Just when you think the rhetoric of those seeking to pollute the 9/11 Memorial with anti-American propaganda can’t sink any lower, up steps the New York Times to call those of us who come down on the side of a site that’s totally devoted to the events and heroes of that tragic day “un-American.”
It is a campaign about political purity – about how people remember 9/11 and about how we choose to read its aftermath, including the Iraq war. On their Web site, www.takebackthememorial.org, critics of the cultural plan at ground zero offer a resolution called Campaign America. It says that ground zero must contain no facilities “that house controversial debate, dialog, artistic impressions, or exhibits referring to extraneous historical events.” This, to us, sounds un-American.
The Times defends the size of the Memorial by saying it “is larger than the public spaces in the Whitney Museum.” A Memorial honoring the victims of the largest, the most destructive, and the deadliest terrorist attack in the history of the United States should not be compared in any way, shape or form to an art museum (I will forgo commentary about the anti-American nature of much of the politically motivated art at the Whitney). By drawing an analogy with the Whitney, the Times unconsciously reveals how it views the events of 9/11 and its aftermath.
It’s a theme I’ve dealt with many times here; there is a sizable segment of the left that cannot grasp or refuses to see that the world changed following 9/11. They see terrorism as a “nuisance” and as a problem for international law enforcement. The interconnectedness of al Qaeda with rogue states is not something to concern ourselves with. The war in Iraq is unnecessary because Saddam Hussein wasn’t an “immediate” threat.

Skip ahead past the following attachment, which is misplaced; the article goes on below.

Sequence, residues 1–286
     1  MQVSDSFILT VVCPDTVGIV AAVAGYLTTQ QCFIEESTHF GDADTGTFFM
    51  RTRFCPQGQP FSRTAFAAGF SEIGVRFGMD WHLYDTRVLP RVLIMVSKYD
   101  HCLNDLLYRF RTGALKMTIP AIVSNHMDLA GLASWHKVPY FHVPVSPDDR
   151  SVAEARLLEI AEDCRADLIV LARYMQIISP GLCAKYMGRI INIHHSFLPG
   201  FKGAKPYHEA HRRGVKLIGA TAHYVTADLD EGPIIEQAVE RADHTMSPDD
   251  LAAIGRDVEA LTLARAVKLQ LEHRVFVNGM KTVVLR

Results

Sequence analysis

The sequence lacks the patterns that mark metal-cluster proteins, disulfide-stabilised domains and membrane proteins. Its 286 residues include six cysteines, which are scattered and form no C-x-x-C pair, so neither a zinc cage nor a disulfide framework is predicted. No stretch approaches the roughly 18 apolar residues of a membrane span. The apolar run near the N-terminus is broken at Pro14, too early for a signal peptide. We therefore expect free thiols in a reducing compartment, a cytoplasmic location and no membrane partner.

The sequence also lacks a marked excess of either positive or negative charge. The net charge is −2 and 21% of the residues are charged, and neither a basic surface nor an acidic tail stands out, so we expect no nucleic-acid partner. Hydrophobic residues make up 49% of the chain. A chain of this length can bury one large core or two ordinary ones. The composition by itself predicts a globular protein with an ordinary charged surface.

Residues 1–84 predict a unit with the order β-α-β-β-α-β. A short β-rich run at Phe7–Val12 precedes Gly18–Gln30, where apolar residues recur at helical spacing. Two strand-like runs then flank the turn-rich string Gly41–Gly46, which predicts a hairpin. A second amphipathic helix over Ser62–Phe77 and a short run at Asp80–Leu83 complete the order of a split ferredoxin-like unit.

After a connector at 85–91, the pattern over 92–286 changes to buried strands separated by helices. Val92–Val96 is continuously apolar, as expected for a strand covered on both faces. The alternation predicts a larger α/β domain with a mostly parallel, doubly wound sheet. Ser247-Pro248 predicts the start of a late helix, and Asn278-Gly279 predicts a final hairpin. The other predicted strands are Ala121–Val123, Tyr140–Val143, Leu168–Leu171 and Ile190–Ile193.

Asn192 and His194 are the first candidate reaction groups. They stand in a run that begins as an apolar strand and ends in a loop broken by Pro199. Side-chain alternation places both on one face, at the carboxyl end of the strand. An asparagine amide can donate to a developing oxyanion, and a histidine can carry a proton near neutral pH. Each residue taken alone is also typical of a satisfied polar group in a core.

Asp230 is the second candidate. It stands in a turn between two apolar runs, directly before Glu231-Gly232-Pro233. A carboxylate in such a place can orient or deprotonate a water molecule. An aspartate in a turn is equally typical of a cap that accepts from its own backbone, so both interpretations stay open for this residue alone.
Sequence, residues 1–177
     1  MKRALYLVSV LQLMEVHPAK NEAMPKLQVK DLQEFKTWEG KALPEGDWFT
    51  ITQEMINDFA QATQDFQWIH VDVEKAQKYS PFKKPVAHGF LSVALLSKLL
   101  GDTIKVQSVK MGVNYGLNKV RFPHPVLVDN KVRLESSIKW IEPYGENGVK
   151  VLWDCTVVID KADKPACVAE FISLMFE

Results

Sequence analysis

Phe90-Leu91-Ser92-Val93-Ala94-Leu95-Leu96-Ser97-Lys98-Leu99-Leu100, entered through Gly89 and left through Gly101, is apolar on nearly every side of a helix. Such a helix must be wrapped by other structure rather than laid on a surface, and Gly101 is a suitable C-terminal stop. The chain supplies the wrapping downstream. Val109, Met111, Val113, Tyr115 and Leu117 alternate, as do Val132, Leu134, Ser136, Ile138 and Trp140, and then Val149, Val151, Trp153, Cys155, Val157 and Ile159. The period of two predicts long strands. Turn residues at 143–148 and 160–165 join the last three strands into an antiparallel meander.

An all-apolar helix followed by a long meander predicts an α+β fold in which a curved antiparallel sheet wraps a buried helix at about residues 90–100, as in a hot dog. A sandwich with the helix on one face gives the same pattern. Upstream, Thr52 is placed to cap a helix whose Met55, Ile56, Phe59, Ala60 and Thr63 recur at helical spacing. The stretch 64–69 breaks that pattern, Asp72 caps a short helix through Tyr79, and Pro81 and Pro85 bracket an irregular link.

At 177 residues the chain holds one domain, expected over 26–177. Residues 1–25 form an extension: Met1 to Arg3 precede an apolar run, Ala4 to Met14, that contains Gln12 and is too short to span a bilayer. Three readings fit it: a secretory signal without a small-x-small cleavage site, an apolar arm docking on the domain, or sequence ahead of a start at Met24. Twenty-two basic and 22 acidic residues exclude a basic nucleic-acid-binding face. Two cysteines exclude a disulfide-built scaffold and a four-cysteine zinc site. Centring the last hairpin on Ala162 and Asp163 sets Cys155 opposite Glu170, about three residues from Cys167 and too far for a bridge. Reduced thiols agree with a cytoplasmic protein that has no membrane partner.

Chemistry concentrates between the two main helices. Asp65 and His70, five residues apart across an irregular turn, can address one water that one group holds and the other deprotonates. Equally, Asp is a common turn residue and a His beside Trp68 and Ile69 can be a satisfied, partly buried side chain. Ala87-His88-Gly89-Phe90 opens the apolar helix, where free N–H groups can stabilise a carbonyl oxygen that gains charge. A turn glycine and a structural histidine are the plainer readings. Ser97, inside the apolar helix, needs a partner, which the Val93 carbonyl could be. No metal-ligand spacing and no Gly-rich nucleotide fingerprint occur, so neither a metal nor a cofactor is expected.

This is a mindset that can compare the interrogation techniques used at Guantanamo with the behavior of the worst tyrants in history because at bottom, they do not believe we are at war. They concentrate on everything but the ongoing struggle because to do so would explode cherished myths both about the War on Terror and the United States in general.
The hearkening back to Viet Nam, the constant comparisons with Hitler, the belief in conspiracies, all seek to obscure the harsh reality that there are thousands and thousands of terrorists out there supported by millions of others who wish to wipe us off the face of this earth! For whatever reason, this hasn’t penetrated the minds of the editorial page writers at the New York Times. They see this battle over the Memorial and truly can’t understand why anyone would object to the casual anti American bias that’s become so commonplace to the left that no one gives it a second thought anymore. They are playing by rules that became obsolete the second that first plane plowed into the North Tower of the World Trade Center. And sadly, this editorial reveals their lack of understanding of how truly hallowed a place the Memorial is to not just the families of the fallen, but to those who understand the nature of the life and death struggle we’re in and see any besmirching of America through the selective use of history to be sacrilege.
Karen Lee who lost her husband on that horrible day sums it up perfectly: “What happened that day was not about left and right. It was about right and wrong.”
Given the moral relativism of the Times and the rest of the lickspittle left, it’s hardly surprising that they just don’t get it.
To contribute or get involved in the fight to Take Back the Memorial, go here.
All I’ll add is that a newspaper dumb enough to publish editorials like this one in a post-9/11 world has some nerve lecturing anyone else about a “sense of proportion”—let alone about what’s “un-American.”